Review: ‘Testimony’

Testimony is quite an undertaking. Long, muddled, and abstract at times, but ultimately a beautifully conceived and executed art film with fine topline performances, it makes fascinating viewing.

Testimony is quite an undertaking. Long, muddled, and abstract at times, but ultimately a beautifully conceived and executed art film with fine topline performances, it makes fascinating viewing.

In essence the pic [based on The Memoirs of Dmitri Shostakovich, edited by Solomon Volkov] follows the life of the Russian composer, played by Ben Kingsley sporting a dubious wig, but especially focuses on his relationship with Stalin.

Testimony traces the young Shostakovich who had success after success until Stalin took a dislike to the opera Lady Macbeth, and in a marvelous scene at the Extraordinary Conference of Soviet Musicians his work is denounced, but still he apologizes.

Later Stalin pours on further humiliation by sending him to an International Peace Congress in New York, where he is forced to denounce his fellow musicians, such as Stravinsky, who had fled Russia.

Ronald Pickup is excellent as Kingsley’s friend Tukhachevsky and Robert Urquhart puts in a telling – though small – appearance as the journalist who quizzes Kingsley at the US peace conference.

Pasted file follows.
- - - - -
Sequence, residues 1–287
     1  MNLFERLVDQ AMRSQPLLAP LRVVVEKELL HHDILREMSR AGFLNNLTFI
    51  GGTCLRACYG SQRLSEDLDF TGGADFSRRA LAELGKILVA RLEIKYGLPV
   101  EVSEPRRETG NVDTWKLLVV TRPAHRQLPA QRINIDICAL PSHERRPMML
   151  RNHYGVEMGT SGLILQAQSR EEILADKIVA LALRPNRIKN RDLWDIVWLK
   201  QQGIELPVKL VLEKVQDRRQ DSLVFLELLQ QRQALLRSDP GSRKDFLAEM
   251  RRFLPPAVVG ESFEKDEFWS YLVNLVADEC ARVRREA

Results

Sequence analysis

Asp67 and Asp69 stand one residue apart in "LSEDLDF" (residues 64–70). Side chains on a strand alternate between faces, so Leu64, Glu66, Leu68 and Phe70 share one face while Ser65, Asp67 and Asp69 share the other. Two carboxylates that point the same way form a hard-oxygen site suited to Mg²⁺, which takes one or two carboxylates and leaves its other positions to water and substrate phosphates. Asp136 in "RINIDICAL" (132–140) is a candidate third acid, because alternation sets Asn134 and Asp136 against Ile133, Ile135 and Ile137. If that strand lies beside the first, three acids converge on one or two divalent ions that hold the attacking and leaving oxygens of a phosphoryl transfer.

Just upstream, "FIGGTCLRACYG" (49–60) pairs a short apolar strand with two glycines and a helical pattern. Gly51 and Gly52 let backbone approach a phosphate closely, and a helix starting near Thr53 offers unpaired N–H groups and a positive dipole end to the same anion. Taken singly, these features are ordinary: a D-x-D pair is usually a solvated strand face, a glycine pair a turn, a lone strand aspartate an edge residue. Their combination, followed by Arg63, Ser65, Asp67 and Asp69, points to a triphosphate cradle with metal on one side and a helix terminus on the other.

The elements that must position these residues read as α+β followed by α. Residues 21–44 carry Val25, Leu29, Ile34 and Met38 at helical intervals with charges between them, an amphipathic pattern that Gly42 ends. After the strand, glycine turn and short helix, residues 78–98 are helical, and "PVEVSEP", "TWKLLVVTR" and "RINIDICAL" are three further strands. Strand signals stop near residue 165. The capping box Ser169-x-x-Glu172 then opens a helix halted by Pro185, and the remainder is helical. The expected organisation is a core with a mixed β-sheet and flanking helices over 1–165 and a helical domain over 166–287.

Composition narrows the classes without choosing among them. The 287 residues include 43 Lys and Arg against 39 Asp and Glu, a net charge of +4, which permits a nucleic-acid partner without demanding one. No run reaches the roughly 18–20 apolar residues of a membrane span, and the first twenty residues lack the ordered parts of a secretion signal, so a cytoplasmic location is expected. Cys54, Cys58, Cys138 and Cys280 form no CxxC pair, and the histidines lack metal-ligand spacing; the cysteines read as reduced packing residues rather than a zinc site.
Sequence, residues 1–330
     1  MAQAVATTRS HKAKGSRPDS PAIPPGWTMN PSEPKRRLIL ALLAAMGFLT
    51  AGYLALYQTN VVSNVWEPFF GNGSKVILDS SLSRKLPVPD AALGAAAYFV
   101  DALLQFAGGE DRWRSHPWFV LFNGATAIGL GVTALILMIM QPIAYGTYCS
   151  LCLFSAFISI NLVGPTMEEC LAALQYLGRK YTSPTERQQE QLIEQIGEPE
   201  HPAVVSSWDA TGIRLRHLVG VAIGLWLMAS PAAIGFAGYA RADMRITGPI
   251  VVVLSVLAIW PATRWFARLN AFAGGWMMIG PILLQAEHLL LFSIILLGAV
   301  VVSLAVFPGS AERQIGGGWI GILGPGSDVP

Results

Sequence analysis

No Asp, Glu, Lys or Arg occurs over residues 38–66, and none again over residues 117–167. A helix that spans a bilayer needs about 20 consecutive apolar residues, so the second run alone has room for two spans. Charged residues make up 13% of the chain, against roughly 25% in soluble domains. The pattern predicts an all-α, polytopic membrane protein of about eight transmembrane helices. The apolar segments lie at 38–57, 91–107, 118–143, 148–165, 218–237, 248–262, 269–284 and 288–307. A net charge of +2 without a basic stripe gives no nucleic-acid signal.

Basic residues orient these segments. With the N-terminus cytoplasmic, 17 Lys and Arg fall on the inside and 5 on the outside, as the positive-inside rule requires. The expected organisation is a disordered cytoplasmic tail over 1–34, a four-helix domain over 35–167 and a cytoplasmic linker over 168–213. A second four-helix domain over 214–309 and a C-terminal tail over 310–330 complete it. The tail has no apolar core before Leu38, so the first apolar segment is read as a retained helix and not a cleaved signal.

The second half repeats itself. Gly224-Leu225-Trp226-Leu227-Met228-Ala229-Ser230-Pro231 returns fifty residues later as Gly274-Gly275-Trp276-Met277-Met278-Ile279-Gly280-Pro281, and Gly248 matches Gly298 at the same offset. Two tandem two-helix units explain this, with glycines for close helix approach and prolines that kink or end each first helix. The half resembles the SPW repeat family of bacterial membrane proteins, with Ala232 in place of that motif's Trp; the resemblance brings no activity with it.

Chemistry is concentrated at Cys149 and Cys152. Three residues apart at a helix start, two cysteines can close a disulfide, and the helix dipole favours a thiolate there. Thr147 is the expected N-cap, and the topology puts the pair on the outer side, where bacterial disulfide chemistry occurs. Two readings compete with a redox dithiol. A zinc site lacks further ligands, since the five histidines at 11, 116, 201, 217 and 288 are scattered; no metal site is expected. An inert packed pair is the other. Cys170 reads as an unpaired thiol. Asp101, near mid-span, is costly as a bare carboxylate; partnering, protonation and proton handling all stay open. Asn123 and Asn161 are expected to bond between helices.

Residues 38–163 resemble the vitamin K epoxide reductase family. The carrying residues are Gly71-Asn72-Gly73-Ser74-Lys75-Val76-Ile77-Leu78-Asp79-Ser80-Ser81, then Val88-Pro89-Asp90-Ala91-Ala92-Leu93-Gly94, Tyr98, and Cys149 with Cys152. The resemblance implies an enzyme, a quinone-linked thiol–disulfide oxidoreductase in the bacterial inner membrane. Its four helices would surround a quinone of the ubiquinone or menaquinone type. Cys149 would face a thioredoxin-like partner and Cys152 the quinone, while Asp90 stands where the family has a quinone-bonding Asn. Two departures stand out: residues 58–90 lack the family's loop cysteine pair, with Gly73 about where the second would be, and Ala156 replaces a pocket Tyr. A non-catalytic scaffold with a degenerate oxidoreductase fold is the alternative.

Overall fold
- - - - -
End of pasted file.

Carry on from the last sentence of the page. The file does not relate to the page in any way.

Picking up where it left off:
Helmer Tony Palmer utilizes stunning technical skill to tell his story though at times seems to be a bit too clever for his own good. Technical credits are excellent, and Shostakovich’s music suitably stirring.

Testimony

UK

Production

Isolde/Film Four. Director Tony Palmer; Producer Tony Palmer; Screenplay David Rudkin, Tony Palmer; Camera Nic Knowland; Editor Tony Palmer; Art Director Tony Palmer

Crew

(Color) Widescreen. Extract of a review from 1987. Running time: 157 MIN.

With

Ben Kingsley Sherry Baines Magdalen Asquith Mark Asquith Terence Rigby Ronald Pickup
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